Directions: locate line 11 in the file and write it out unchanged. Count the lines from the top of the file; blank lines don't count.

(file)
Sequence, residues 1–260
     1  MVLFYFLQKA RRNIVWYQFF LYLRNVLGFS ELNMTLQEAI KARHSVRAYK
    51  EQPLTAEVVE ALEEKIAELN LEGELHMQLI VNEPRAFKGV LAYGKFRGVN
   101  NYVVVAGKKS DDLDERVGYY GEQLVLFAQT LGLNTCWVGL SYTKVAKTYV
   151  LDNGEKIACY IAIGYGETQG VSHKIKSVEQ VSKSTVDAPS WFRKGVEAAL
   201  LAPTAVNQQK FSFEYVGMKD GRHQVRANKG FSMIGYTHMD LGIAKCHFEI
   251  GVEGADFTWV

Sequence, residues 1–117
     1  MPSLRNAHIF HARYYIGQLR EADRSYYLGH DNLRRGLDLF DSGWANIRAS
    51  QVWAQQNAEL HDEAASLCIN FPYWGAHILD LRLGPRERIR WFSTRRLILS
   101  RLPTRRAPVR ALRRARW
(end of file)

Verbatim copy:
   101  RLPTRRAPVR ALRRARW